Share your story of breaking free from the Cubicle

Discussion in 'Professional Trading' started by lpchad, Apr 17, 2009.

  1. lpchad


    Elite Traders -

    Let's have some stories of those of us that have sucessfully made the transition from the cubicle and wage slavery to full-time trading. Some discussion points to provoke a thoughtful productive discussion:

    1) What set you on the path to explore trading?

    2) What were your first steps to get started?

    3) How did you manage your transition from the cube to trading? How did you balance working a corporate job and trading concurrently?

    4) When did you know it was time to quit your day job?

    5) What were the first few weeks of trading and no day job like?

    6) How did you manage friends/family likely shunning your decision?

    7) Was it worth it?

    I look forward to good discussion.
  2. i went on my own in 1993. left the cubicle for good--can't say i made it fully by trading, but have in and around the markets.

    good luck to you!

  3. Started in 1997. Went through tech debacle. Learned quite a bit from that experience. Decided that simpler is better and I only trade ES, crude oil occasionally, and Forex.
  4. A couple more things. The less said in the beginning about your activities the better. Most people do not understand, unless they have traded.

    The quicker you become proficient in reading charts the better your progress will be.

    Be prepared for some suffering because that is the only way you will learn. Unless you have a mentor, it will be a lonely road. Good luck.
  5. Eddiefl


    Bot WizeTrade in 1998, and has been gravy since, up 10000000000%. on my acct.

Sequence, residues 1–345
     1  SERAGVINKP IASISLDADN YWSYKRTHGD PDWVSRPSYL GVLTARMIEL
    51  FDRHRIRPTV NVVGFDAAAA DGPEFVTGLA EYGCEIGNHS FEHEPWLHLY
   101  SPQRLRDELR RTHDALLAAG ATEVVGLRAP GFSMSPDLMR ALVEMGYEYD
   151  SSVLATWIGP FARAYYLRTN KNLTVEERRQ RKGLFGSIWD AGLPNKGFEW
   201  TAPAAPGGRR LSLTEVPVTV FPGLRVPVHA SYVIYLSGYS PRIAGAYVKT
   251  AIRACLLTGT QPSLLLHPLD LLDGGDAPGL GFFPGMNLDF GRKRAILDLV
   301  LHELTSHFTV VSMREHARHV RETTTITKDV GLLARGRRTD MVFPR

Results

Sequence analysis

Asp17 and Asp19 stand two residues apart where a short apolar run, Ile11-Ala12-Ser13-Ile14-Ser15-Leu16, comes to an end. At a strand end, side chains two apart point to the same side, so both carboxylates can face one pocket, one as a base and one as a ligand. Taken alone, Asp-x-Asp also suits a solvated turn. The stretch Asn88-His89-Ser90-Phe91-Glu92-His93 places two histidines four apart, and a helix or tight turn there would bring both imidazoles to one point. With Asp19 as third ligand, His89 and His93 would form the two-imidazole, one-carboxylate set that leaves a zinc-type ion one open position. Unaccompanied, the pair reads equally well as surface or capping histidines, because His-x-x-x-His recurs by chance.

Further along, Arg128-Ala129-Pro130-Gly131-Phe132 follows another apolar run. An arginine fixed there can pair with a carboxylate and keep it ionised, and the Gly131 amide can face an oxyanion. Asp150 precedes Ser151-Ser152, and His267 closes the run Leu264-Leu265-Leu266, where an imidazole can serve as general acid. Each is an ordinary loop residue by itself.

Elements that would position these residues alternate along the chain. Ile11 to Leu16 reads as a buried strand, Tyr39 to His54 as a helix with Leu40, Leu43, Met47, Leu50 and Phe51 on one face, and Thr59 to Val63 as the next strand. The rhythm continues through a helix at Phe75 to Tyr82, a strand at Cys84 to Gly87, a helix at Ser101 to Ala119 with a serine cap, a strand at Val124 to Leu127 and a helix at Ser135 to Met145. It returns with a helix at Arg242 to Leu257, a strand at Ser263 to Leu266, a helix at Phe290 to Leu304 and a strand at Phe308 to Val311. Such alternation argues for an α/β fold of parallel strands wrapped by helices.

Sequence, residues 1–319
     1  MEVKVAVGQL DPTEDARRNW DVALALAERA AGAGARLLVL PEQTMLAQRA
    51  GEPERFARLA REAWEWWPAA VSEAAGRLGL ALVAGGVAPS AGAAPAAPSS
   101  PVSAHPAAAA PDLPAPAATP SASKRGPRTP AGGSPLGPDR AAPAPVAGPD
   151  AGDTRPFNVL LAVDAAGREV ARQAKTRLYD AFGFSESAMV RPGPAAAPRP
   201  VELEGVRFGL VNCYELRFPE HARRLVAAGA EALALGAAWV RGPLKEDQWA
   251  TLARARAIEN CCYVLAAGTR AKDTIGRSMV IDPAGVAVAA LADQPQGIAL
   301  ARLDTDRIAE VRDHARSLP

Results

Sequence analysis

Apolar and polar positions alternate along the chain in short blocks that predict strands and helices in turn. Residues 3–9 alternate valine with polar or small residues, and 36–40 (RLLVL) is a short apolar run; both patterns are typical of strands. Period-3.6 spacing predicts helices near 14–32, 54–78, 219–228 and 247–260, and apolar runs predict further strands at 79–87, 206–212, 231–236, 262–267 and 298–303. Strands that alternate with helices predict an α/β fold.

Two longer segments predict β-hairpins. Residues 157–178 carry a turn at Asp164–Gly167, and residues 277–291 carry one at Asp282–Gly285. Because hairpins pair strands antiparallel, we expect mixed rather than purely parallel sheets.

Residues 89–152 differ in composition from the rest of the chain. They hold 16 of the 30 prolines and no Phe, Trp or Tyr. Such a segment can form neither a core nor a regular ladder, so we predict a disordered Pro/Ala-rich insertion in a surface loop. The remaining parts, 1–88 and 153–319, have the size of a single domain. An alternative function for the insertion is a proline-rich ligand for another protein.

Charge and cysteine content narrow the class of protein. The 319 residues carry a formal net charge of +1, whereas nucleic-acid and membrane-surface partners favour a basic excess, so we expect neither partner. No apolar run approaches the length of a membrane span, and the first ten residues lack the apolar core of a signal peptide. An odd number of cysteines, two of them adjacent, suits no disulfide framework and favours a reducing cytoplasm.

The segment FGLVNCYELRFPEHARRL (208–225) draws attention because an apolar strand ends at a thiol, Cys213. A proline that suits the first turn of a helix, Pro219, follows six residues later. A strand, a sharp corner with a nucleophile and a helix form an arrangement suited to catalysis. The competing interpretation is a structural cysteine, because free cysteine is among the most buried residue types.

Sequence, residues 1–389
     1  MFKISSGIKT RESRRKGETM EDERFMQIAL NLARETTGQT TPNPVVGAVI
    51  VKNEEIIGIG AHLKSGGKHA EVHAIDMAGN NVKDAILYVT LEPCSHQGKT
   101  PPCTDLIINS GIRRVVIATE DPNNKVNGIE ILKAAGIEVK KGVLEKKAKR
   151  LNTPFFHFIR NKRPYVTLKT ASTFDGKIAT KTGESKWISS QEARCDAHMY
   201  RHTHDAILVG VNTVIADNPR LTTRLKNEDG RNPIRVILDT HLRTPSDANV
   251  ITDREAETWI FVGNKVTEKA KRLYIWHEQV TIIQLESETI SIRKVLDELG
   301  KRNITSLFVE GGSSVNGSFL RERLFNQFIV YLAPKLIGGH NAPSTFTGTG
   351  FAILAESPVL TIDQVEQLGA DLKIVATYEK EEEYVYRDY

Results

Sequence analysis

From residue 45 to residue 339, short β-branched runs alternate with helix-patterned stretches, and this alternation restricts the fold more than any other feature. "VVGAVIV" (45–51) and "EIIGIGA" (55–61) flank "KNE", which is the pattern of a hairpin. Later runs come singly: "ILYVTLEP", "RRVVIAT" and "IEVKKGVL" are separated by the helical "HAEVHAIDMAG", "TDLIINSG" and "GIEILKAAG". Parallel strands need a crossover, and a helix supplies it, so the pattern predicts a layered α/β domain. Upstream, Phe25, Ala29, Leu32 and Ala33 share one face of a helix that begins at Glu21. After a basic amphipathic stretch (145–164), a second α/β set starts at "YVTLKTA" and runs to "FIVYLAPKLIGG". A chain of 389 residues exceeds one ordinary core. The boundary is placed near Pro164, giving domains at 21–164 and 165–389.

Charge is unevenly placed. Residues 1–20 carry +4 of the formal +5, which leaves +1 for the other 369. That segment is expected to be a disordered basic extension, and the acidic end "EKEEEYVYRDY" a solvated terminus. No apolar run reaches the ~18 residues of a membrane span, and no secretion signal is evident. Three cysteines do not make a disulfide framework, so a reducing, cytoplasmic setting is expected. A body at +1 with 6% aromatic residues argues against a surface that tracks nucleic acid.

Daytraded .com bubble during college, ( thought i knew everything, because everything was going up, thank God, i didnt know how to use the short button".

    .com bubble bursted, lost half, bot realestate, made $$, traded daily charts for 3-5yrs, slowly started going back to 60min, then 30min, then 10, then 5min,, lol, i trade it all now.

    Traded from work, until i left the company i was at, have my own company now and trade from work most of the day.

    Thats 12yrs, in 3 paragraphs,.

  6. sogodo


    to be honest with ya, sometimes I really miss my cozy cubicle.

    yep, I did not have much freedom over there in the past, neverthless, now, when I have enough money and income from trading and am on my own, I became some kind of my own slave pushing myself around the clock 24/7!

    so, if you're dreaming to leave your cubicle, be careful what you're asking for!

    :) :)
  7. 1) What set you on the path to explore trading?

    I knew about the stock markets long time ago. But after I just graduated from college and started working, I was about to give it a try. Yet... it just so happened... The stock market crashed big time. I saw my two brother losing >80% of their life-time savings literally overnight. Vaporized! Stock market index futures! They longed. The market went down huge. Date: 10/19/1987. From that experience, it scared me to not go near the stock markets for years.

    But... in 1994... it was a bull market again. I finally decided to give it a try. It was very tempting. Sweet... all the Internet stocks...

    2) What were your first steps to get started?

    Read investing books. Read Wall Street Journals. One day opened up a trading account with a "deep discount broker". Commission: $75 a trade. First trade ever: 200 shares of Netcom. After I bought it at something like $20.50, it jumped to $26+ in a few days. Over $1000 profits in just a few days. Got hooked forever. Easy money! (Turned out to be my "beginners' luck". Very unfortunate.)

    3) How did you manage your transition from the cube to trading? How did you balance working a corporate job and trading concurrently?

    See story below.

    4) When did you know it was time to quit your day job?

    See story below.

    5) What were the first few weeks of trading and no day job like?

    I could waste more time reading all sorts of junk posts on ET. LOL! :D :D It was a relief, reducing from working 2 jobs to only 1.

    6) How did you manage friends/family likely shunning your decision?

    What family? I had divorced them! Just kidding. They are non-factors.

    7) Was it worth it?

    Yes. No turning back.

    Below is what I posted in a different trading forum.